Benjy Stone is the junior writer on the top rated variety/comedy show, in the mid 50s (the early years). Its a new medium and the rules were not fully established. Alan Swann, an Erol Flynn type actor with a drinking problem is to be that weeks guest star. When King Kaiser, the headliner wants to throw Swann off the show, Benjy makes a pitch to save his childhood hero, and is made Swann's babysitter. On top of this, a union boss doesn't care for Kaiser's parody of him and has plans to stop the show.Written by
John Vogel <firstname.lastname@example.org>
Peter O'Toole talked the producers into paying for a fencing instructor to get him in shape for the fight sequence. See more »
Early in the movie a labor leader and his attorney meet with the show's producer to state that an actor's portrayal of a person having that labor leader's character is "slander." The producer replies that the labor leader is a public figure and so the test of defamation is more difficult than simple slander. That test, the Public Figure test, was not developed until ten years after the year the movie takes place. This is correct insofar as federal Constitutional law is concerned, in New York Times vs. Sullivan. However, the public figure test had been adopted by various state supreme courts well before the U.S. Supreme Court adopted it nationally, so it is not necessarily incorrect that a public figure would have a harder time proving slander, even in 1954. See more »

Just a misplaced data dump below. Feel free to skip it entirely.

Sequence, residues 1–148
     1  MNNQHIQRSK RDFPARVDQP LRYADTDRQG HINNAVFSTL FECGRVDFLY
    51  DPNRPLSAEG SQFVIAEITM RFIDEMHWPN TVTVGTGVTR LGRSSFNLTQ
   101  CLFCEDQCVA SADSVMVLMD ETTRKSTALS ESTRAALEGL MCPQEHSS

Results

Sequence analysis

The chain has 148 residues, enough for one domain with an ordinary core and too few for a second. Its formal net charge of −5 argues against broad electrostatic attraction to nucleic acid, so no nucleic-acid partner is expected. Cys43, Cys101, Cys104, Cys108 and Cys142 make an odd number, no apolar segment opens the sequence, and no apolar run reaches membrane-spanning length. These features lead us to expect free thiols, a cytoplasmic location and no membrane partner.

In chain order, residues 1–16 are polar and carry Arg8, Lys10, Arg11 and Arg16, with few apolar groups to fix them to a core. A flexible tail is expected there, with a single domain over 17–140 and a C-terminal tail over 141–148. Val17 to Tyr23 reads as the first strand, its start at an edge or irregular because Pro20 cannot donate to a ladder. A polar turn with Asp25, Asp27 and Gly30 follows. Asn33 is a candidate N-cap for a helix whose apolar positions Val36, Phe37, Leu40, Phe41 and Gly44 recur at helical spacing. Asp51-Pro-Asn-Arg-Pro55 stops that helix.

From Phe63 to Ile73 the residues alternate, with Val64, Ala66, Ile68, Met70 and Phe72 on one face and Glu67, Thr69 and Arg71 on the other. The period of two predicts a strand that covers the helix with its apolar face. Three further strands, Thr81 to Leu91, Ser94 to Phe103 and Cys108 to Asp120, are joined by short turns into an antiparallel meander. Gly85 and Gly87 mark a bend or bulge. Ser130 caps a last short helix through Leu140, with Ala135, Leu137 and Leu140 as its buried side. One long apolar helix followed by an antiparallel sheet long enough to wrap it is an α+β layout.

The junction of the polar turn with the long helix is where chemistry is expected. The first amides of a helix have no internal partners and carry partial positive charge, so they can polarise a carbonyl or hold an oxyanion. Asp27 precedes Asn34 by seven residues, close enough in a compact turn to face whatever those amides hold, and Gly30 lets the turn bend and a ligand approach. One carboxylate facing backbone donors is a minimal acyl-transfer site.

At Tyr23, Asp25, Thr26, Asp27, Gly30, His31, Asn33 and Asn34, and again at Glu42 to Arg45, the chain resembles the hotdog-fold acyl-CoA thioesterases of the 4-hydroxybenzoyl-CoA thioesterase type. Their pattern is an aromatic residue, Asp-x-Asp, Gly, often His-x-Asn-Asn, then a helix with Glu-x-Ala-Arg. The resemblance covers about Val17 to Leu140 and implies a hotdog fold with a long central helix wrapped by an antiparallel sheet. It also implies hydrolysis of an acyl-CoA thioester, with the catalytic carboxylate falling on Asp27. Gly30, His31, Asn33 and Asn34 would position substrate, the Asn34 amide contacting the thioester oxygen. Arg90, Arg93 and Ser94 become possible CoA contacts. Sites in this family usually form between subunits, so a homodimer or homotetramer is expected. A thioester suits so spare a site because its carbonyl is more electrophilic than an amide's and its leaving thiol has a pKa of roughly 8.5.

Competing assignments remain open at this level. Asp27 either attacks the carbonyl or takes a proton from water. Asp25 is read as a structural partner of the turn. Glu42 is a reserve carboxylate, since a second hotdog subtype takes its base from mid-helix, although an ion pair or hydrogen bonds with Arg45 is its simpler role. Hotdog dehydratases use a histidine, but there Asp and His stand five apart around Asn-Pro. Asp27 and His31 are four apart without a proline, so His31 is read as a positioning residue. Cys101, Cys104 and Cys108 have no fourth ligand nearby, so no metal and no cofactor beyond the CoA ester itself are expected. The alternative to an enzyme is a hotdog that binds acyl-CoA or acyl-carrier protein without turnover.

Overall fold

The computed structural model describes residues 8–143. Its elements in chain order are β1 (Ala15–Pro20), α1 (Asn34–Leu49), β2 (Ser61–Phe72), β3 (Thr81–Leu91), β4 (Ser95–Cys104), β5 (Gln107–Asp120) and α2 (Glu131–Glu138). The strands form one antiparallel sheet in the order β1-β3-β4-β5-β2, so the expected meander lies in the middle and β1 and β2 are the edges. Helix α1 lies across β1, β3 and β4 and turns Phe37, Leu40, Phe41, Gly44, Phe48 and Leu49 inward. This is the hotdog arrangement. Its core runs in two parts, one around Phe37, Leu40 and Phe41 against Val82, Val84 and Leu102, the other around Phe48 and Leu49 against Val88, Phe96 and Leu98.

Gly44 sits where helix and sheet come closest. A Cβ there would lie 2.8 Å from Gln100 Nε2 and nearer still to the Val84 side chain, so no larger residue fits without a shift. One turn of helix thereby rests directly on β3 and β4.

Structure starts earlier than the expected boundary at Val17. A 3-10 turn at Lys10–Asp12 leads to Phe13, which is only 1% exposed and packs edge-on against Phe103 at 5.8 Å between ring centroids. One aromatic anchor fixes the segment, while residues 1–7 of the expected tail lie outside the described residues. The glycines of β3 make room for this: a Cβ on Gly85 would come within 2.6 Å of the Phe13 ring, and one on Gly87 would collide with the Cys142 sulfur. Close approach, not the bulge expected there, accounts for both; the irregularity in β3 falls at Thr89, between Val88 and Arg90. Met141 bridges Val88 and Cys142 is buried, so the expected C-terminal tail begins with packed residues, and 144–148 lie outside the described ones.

Okay, here we go. These are all dim sum - Chinese dumplings. These are pan fried, those are steamed - they're good just with vinegar. Chili sauce - stay away from this, baby. A couple of drops of this and you're tongue dials the fire department.
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The version of "My Favorite Year" syndicated to (American) broadcast television contains at least three extra scenes:
At the beginning of the film, Benjy Stone is carrying a cardboard cutout of Alan Swann into the RCA Building; as he dashes to an elevator in the lobby, the theatrical version jumps to Benjy's arrival in the writers' office. But in the broadcast version, we see Benjy take the elevator up; also on the elevator is K.C., who ignores Benjy's attempts to engage her in conversation.
The broadcast version extends the rehearsal of the "Boss Hijack" sketch to include several more pieces of business, including the illusion of steam shooting out of King Kaiser's ears.
Following Benjy and Alan's wild horse ride through Central Park, the broadcast version adds a shot of the horse parked in front of the Waldorf Astoria Hotel.
How High the Moon
Music by Morgan Lewis (uncredited)
Lyrics by Nancy Hamilton (uncredited)
Performed off-screen by Les Paul and Mary Ford during the opening scene
Played also as dance music at the Waldorf
Courtesy of Capitol Records, Inc. See more »
From the opening notes of Nat 'King' Cole's great recording of Stardust, this film just steals your heart. If you are old enough to remember TV's Show Of Shows, live every week, this is a real treat. Peter O'Toole is magic as an Errol Flynn like movie star, swashing every buck in sight, charming the socks off one and all. The final scene of the live broadcast, with the mayhem caused by the gangsters invading the stage, is a classic. A delighful 90 minutes. 8/10
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